Then our laboratory, along with Dr. Thomas M. O’Dorisio, started looking at the effect of octreotide on the growth of blood vessels. This [slide] is a fertilized chicken egg. This is a primary blood vessel, this is a secondary blood vessel, this is a tertiary blood vessel, and this fluffy gray stuff in the background is quaternary vessels. That’s really important because in a tumor, the primary and secondary vessels belong to “the patient”, and the tertiary and quaternary vessels belong to “the tumor”. This experiment uses a small disc of methylcellulose that you can put drugs in. This disk slowly dissolves and releases the drug. This one is a control disk. The blood vessels around it grow normally. You can see right through these discs to see what happens to blood vessels. If, on the other hand, you put a disc containing the somatostatin analog octreotide on the surface of the egg then blood vessel development stops in the area under and surrounding the disk. Here is another picture where the disc is a little bit more visible; you can see that you have the complete loss of blood vessels in the area around the disc. This means that octreotide at least does two different things. One, it controls peptide release, and two, it controls, or stops, blood vessel growth. That is really important because without new blood vessels, tumors just stop growing. They don’t necessarily regress. It’s sort of like Dr. O’Dorisio talked about with diabetes; as long as you take care of your diabetes, you don’t have to “cure” it to live a long life.

If we then look at the effect of different somatostatin analogs on their ability to inhibit angiogenesis, this line on the graph [slide] represents the antiangiogenic effect of octreotide, and this line is vapreotide (RC 160). You can see that they both are very potent antiangiogenics. At that time, the most potent combination of antiangiogenics known was a combination of a steroid and heparin. This combination of antiangiogenics was popularized by Dr. Judah Folkman, the guru of all gurus of angiogenesis. If you remember that first picture that I showed you, if you change one amino acid in octreotide, that’s this compound right here – STZ-204-354 – this doesn’t inhibit angiogenesis at all. This [slide] line is the effect of native somatostatin showing it’s far less effective than the somatostatin analogs.

It turns out that there are a whole bunch of experimental angiogenesis inhibitors and we’ll show you a lot of those today. One of the first things we did was we looked at a bunch of different somatostatin analogs and compared their ability to inhibit growth hormone – (because we knew that it was the somatostatin receptor subtype 2 that was responsible for the inhibition of growth hormone release) – versus their ability to inhibit angiogenesis. You can see that it’s almost a straight line; the greater the ability of the analog to block peptide release, the more potent the drug was in inhibiting angiogenesis. We then compared, using about 21,000 chicken eggs, the effect of a variety of compounds. Most of these you may recognize as chemotherapies: interferon, methotrexate, vinblastine, VP-16, mitoxantrone, and here’s Dr. Folkman’s most potent angiogenesis inhibitor combination that he’d come up with, there’s octreotide. Now what’s cool about octreotide is that unlike all these other drugs, there are no significant side effects or significant toxicity. Well, for an angiogenesis inhibitor to work, you have to be able to take it like insulin in a diabetic, every day for the rest of your life. Octreotide is a very non-toxic drug. People have made a mistake and given 50,000 times the recommended dose of octreotide with no loss of life and no significant side effects.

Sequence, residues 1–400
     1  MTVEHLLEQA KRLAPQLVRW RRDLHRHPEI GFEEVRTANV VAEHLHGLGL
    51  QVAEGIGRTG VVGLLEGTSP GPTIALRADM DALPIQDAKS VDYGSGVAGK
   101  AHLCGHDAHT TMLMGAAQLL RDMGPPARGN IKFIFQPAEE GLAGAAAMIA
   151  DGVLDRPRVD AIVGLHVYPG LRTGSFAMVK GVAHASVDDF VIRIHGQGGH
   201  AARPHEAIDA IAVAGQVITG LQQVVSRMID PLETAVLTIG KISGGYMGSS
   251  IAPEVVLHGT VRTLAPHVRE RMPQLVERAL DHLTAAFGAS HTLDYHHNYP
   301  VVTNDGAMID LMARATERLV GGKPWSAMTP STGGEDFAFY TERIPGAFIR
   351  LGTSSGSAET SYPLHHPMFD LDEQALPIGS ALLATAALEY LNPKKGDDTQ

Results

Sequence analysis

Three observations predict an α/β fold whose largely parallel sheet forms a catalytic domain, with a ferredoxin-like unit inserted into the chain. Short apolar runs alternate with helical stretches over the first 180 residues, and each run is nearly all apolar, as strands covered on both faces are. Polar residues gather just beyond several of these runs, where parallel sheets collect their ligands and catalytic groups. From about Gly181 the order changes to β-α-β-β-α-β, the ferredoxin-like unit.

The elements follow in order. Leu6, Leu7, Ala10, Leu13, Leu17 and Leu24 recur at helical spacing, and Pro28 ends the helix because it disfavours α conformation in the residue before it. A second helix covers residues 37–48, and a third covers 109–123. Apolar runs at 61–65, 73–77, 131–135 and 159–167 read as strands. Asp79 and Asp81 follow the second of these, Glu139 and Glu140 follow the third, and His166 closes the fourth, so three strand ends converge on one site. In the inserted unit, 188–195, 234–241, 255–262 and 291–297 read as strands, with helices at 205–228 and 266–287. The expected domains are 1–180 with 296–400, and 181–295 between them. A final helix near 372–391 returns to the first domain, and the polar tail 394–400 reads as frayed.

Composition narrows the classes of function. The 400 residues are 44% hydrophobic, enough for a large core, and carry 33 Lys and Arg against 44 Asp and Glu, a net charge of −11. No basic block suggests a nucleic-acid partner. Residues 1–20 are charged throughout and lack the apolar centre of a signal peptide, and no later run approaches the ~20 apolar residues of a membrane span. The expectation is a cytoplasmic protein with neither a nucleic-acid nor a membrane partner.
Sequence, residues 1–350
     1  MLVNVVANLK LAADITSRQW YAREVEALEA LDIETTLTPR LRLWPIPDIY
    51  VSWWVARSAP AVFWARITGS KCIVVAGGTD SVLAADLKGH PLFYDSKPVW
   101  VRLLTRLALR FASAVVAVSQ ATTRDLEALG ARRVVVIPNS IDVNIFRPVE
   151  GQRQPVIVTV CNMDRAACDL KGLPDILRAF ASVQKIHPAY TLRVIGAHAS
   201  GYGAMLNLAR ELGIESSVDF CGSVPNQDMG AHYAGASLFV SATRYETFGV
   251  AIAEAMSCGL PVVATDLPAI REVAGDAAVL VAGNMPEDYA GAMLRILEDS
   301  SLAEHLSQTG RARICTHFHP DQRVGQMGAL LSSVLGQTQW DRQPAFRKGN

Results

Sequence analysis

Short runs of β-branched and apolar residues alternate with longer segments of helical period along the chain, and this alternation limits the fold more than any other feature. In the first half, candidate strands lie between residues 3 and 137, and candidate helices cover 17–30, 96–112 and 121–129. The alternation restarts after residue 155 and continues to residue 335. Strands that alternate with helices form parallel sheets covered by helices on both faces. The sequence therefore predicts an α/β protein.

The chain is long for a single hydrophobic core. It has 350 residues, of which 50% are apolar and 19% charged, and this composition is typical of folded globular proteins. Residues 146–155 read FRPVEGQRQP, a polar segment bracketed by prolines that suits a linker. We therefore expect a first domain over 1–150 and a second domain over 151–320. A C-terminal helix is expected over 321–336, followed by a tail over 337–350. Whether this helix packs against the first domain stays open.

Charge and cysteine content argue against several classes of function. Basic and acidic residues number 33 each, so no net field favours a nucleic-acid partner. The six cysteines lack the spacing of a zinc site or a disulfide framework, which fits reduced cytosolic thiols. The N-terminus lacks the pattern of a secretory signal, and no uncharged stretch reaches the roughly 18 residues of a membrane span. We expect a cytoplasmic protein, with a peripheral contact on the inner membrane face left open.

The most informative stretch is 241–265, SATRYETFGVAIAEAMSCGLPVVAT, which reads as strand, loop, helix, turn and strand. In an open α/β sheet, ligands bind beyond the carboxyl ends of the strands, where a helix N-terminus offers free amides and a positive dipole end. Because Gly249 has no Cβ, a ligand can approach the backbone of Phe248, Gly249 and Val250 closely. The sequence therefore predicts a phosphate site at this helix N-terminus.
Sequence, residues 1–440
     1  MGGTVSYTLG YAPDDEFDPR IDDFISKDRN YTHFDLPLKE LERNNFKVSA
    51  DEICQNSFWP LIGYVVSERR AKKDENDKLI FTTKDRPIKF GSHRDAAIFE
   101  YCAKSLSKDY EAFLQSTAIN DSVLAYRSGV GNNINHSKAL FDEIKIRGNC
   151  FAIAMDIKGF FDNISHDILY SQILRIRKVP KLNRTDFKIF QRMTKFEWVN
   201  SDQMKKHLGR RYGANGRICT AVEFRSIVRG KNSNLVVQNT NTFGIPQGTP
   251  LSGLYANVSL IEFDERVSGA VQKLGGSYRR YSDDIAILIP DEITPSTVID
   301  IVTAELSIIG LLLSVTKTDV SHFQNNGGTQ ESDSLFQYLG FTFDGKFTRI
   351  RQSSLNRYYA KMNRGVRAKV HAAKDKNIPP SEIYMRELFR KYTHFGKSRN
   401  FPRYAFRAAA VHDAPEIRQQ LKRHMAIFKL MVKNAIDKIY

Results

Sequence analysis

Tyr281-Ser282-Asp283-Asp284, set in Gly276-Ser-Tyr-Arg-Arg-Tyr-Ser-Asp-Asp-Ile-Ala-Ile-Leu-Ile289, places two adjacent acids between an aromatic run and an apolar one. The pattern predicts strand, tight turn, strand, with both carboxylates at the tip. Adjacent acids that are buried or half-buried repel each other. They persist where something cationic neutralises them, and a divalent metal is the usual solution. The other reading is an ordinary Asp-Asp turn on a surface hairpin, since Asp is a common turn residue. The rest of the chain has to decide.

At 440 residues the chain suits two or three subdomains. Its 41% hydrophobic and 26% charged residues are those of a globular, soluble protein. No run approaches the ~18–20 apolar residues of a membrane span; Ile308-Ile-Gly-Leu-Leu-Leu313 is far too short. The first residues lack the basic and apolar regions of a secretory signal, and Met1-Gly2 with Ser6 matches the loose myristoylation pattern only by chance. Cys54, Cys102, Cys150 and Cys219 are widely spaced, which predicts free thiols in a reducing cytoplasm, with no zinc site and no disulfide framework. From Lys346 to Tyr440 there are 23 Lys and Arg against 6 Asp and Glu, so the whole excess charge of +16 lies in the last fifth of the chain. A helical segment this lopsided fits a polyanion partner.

Octreotide is a funny drug; its effect on things isn’t necessarily linear. Dr. O’Dorisio alluded to that earlier. These drugs work in a very narrow therapeutic window. More is not necessarily better. This [slide] is an example of work done by Dr. Roberto Danesi out of Italy showing the effect of octreotide on the proliferation of the cells that make up the lining of blood vessels called endothelial cells. As you can see, the drug starts to work as you increase the amount of drug. Its optimal effect is in this small area between 10-8 and 10-9 M. If you use more drug than 10-8 M, you actually lose the drug’s effect. So more is not necessarily better. The trouble was that, at that point, there was no human tissue-based angiogenesis assay. It’s important if you’re a mother chicken that your eggs grow properly, but it doesn’t make a lot of difference to you or me. What does make a lot of difference to you or me is what happens when you use a drug on genuine human tissue. So, our laboratory designed a human angiogenesis assay. Basically, what we did was we got placentas at the time the mother delivered them. If mom’s okay and baby’s okay, they throw the placentas away. They’d throw them in the garbage; we got them out of the garbage, dusted them off, and cleaned them up. We harvested their blood vessels, took small sections of blood vessels and embedded them into fibrin-thrombin clots. For those of you who don’t know about fibrin and thrombin, imagine a blood clot without any blood cells in it. Sure enough, out of the cut edge, of these vessels started to grow new human blood vessels. This [slide] is an example: this center area is a 2 mm in diameter disk of human placental vein. You can see all these fuzzy things growing out are new blood vessels. The guys in my lab call these my “Chia Pets”.